The USDA adopted and incorporated the EEOC's decision. Pl.'s Opp'n to Mot. to Dismiss at 6. Mr. Sanders brought suit in this court on June 15, 2000, within 90 days of the EEOC's final decision, as required by 42 U.S.C. § 2000e-16(c) and 29 C.F.R. § 1614.408. On August 21, 2000, the defendant filed a motion to dismiss, which the court subsequently denied. Sanders, 131 F. Supp.2d 225.

Now that discovery has closed, the defendant asserts that there is no evidence in the record that any of its actions were motivated by Mr. Sanders' race or his participation in protected EEO activity. Mot. for Summ. J. at 1. According to the defendant, Mr. Sanders's discrimination claims are based only on his personal beliefs that he was more qualified than his co-workers and that the defendant transferred him to reduce his chances for promotion. Id. at 1-2. The defendant argues that these subjective beliefs are insufficient to create a genuine issue of material fact and, as such, Mr. Sanders cannot make out a prima-facie case of racial discrimination or retaliation under Title VII. Id. at 2, 8, 16; FED. R. CIV. P. 56(c). The court disagrees, and denies the defendant's motion for summary judgment on both counts.

III. ANALYSIS

A. Legal Standard for Summary Judgment

Summary judgment is appropriate when "the pleadings, depositions, answers to interrogatories, and admissions on file, together with the affidavits, if any, show that there is no genuine issue as to any material fact and that the moving party is entitled to a judgment as a matter of law." FED. R. Civ. P. 56(c); see also Celotex Corp. v. Catrett, 477 U.S. 317, 322, 106 S.Ct. 2548, 91 L.Ed.2d 265 (1986); Diamond v. Atwood, 43 F.3d 1538, 1540 (D.C.Cir. 1995). To determine which facts are "material," a court must look to the substantive law on which each claim rests. Anderson v. Liberty Lobby, Inc., 477 U.S. 242, 248, 106 S.Ct. 2505, 91 L.Ed.2d 202 (1986). A "genuine issue" is one whose resolution could establish an element of a claim or defense and, therefore, affect the outcome of the action. Celotex, 477 U.S. at 322, 106 S.Ct. 2548; Anderson, 477 U.S. at 248, 106 S.Ct. 2505.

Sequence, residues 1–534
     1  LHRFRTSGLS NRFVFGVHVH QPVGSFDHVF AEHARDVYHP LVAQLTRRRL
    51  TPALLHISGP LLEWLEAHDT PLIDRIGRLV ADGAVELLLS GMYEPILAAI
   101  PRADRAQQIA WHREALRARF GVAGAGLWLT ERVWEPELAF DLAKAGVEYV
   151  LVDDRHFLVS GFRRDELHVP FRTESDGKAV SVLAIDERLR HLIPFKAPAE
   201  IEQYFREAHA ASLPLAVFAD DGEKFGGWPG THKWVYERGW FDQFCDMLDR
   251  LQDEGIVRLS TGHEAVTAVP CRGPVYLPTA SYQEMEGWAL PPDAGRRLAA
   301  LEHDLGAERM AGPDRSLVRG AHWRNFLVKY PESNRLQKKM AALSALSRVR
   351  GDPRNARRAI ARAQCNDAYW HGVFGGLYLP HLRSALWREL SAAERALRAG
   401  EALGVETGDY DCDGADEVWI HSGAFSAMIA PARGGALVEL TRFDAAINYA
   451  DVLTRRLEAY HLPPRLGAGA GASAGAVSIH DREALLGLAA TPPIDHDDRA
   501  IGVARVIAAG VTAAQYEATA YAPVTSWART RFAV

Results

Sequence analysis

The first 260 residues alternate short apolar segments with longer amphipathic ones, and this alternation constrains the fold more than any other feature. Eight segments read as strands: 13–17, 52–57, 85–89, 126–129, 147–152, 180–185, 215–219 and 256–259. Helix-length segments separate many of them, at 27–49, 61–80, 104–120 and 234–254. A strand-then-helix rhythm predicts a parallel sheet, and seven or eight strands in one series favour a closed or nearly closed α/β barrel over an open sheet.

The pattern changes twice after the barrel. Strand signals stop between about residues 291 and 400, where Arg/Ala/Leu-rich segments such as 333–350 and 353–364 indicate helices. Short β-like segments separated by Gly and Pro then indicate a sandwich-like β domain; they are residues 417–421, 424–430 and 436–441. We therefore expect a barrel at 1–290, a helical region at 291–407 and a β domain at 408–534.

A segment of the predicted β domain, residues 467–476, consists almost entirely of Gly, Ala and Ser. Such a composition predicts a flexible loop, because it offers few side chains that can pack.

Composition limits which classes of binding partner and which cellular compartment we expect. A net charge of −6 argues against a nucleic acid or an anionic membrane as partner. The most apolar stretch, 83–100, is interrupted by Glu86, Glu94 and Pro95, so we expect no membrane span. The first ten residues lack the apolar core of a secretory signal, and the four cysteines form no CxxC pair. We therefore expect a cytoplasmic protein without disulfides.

In ruling on a motion for summary judgment, the court must draw all justifiable inferences in the nonmoving party's favor and accept the nonmoving party's evidence as true. Anderson, 477 U.S. at 255, 106 S.Ct. 2505. A nonmoving party, however, must establish more than "the mere existence of a scintilla of evidence" in support of its position.*fn3 Id. at 252, 106 S.Ct. 2505. To prevail on a motion for summary judgment, the moving party must show that the nonmoving party "fail[ed] to make a showing sufficient to establish the existence of an element essential to that party's case, and on which that party will bear the burden of proof at trial." Celotex, 477 U.S. at 322, 106 S.Ct. 2548. By pointing to the absence of evidence proffered by the nonmoving party, a moving party may succeed on summary judgment. Id.

In addition, the nonmoving party may not rely solely on allegations or conclusory statements. Greene v. Dalton, 164 F.3d 671, 675 (D.C.Cir. 1999); Harding v. Gray, 9 F.3d 150, 154 (D.C.Cir. 1993). Rather, the nonmoving party must present specific facts that would enable a reasonable jury to find in its favor. Greene, 164 F.3d at 675. If the evidence "is merely colorable, or is not significantly probative, summary judgment may be granted." Anderson, 477 U.S. at 249-50, 106 S.Ct. 2505 (internal citations omitted). Finally, the D.C. Circuit has directed that because it is difficult for a plaintiff to establish proof of discrimination, the court should view summary judgment motions in such cases with special caution. Aka v. Washington Hosp. Ctr., 116 F.3d 876, 879-80 (D.C.Cir. 1997); see also Johnson v. Digital Equip. Corp., 836 F. Supp. 14, 18 (D.C. 1993).